It really is getting a bit pointless trying to review these shows because they are all just varying levels of complete genius - and Birmingham was no different. You find yourself looking for the slightest variations - a longer solo, a look or utterance to compare it with another show; but they are all fantastically brilliant. So I will just report the variations because we know the rest of it was awesome!
There were a few bum chords/notes last night with Simon seeming a little off his game; Pete dropping a few clangers and Loren Gold playing a wrong chord at the start of Baba O'Riley, but somehow it all adds to the excitement of the gig. What came across was how they all just lapped up the mistakes and looked at each other and laughed - this is a well balanced band who enjoy playing together.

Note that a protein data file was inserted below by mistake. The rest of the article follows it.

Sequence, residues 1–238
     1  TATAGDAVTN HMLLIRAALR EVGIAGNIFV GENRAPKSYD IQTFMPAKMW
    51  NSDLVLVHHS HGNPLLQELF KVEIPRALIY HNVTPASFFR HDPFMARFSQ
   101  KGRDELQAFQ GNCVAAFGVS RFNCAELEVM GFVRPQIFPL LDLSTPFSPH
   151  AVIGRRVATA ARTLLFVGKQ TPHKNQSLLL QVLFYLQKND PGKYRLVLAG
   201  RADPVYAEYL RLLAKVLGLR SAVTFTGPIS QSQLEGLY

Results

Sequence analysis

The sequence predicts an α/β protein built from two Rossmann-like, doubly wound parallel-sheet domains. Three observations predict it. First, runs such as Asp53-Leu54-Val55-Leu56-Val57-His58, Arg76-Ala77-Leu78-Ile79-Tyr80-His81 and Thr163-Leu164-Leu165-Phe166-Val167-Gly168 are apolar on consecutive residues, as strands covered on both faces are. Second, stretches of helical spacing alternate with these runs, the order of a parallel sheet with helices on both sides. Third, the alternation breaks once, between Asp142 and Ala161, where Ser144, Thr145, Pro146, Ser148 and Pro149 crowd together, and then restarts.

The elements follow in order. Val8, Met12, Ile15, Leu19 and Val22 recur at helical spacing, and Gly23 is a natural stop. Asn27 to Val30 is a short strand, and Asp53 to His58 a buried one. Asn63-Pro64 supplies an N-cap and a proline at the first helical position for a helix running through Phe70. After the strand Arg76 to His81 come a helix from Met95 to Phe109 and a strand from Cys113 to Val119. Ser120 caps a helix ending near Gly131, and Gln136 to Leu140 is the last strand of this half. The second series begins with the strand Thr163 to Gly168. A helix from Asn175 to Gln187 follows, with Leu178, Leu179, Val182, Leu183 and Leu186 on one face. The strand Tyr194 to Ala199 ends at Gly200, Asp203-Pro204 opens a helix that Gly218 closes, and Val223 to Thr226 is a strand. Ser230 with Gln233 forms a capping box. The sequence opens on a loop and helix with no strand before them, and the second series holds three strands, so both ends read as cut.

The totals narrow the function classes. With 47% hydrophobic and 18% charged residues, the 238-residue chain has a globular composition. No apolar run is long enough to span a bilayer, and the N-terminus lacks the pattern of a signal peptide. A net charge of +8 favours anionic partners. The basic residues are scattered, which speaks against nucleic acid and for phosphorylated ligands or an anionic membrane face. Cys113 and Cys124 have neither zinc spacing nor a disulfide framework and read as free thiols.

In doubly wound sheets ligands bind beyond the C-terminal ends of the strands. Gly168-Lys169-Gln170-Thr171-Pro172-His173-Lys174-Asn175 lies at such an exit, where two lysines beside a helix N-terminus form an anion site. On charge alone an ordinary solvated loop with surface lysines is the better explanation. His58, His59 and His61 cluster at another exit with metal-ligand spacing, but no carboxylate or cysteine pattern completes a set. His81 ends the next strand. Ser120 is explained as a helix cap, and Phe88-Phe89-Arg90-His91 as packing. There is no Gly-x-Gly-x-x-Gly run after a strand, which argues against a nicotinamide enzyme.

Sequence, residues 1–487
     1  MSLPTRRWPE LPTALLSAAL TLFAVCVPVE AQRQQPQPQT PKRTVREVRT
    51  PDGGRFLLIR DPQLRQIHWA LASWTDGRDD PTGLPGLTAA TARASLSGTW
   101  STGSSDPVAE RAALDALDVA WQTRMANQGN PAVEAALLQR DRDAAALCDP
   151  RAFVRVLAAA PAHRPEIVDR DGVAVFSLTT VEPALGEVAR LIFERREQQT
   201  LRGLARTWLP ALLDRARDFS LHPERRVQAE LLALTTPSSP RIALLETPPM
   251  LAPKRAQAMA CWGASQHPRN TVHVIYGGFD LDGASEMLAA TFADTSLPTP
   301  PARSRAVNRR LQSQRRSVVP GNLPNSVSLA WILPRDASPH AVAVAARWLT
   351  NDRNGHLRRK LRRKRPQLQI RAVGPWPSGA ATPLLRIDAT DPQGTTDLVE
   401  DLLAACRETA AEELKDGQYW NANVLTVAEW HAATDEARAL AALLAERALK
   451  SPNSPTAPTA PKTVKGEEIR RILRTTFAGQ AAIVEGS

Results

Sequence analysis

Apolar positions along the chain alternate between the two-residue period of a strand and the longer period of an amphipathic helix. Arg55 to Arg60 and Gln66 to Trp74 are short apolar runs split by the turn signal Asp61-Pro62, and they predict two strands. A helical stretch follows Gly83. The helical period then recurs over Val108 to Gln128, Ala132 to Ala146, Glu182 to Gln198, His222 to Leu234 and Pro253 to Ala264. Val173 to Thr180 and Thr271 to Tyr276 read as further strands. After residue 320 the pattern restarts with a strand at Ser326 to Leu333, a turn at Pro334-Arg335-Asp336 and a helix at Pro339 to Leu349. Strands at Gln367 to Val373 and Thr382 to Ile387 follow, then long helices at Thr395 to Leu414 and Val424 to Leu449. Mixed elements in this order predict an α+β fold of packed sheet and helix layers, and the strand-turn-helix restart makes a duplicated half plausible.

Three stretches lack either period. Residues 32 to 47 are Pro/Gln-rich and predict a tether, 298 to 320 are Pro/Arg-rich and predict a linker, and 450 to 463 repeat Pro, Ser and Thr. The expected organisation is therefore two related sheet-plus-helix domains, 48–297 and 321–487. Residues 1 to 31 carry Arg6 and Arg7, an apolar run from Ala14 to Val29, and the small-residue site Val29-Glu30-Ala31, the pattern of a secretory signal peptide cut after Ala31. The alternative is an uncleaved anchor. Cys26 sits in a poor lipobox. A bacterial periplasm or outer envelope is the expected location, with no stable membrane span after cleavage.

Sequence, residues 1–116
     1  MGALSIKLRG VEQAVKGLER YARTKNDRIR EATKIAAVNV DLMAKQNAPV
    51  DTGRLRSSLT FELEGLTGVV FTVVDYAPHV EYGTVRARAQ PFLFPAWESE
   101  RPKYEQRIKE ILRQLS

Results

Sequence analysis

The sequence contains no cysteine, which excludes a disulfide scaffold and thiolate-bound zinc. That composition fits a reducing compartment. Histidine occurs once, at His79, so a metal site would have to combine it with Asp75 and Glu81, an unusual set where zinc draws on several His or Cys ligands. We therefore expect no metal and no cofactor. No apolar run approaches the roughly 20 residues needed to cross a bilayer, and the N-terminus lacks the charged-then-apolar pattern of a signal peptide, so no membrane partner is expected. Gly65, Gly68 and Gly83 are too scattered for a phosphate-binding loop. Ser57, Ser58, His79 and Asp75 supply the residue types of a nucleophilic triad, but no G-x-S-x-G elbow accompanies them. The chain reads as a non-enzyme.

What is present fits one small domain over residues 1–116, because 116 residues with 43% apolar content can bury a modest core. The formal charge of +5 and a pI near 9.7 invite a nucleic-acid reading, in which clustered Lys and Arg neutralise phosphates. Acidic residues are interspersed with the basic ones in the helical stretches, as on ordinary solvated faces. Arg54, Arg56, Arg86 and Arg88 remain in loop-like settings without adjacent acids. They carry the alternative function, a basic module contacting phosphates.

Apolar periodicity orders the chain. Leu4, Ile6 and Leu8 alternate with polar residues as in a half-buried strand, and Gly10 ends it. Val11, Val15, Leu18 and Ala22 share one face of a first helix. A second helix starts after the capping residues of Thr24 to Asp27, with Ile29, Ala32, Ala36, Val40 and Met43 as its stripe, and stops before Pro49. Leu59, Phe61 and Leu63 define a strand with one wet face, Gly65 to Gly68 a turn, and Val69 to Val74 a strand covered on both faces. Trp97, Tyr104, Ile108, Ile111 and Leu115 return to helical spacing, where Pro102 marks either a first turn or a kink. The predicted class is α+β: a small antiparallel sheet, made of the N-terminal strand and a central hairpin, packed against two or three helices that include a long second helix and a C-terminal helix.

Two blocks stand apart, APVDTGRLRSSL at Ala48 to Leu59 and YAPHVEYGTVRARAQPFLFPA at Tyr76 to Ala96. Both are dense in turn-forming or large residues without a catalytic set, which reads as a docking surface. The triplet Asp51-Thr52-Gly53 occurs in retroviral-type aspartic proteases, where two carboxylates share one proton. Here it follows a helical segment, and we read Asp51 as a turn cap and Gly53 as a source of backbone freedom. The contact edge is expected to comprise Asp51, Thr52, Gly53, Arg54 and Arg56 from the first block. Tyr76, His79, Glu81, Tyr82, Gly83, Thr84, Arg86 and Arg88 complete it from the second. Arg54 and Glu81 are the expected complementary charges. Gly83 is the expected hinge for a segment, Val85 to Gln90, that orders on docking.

'5.15' was up there with Manchester, Pete adding an oddly timed riff at the end to try to catch out Scott - who wouldn't be caught out! It was another long, extended version with Pete soloing again at the end. 'Drowned' was a powerhouse performance; 'Dr. Jimmy' dangerous yet again. Another rock solid interpretation of 'Quadrophenia' - if this is their last hurrah they have cemented their legacy as the greatest live act of all time.
The hits section was great. Special mentions for 'Pinball Wizard' - the intro where the bass comes in over the main riff was so powerful you could feel it; and 'WGFA' where we were treated to the reprise - Pete almost did it at Cardiff but tonight was the full monty. The band looked and wondered what he was doing but they joined in and it was great to see/hear.
The introductions were a doozy! Pete referred to the boos during 'The Rock'.... (this is from memory btw lol)
Roger: Thanks for coming here and not Glastonbury!
Pete: Well you can go tomorrow and watch The Rolling Stones.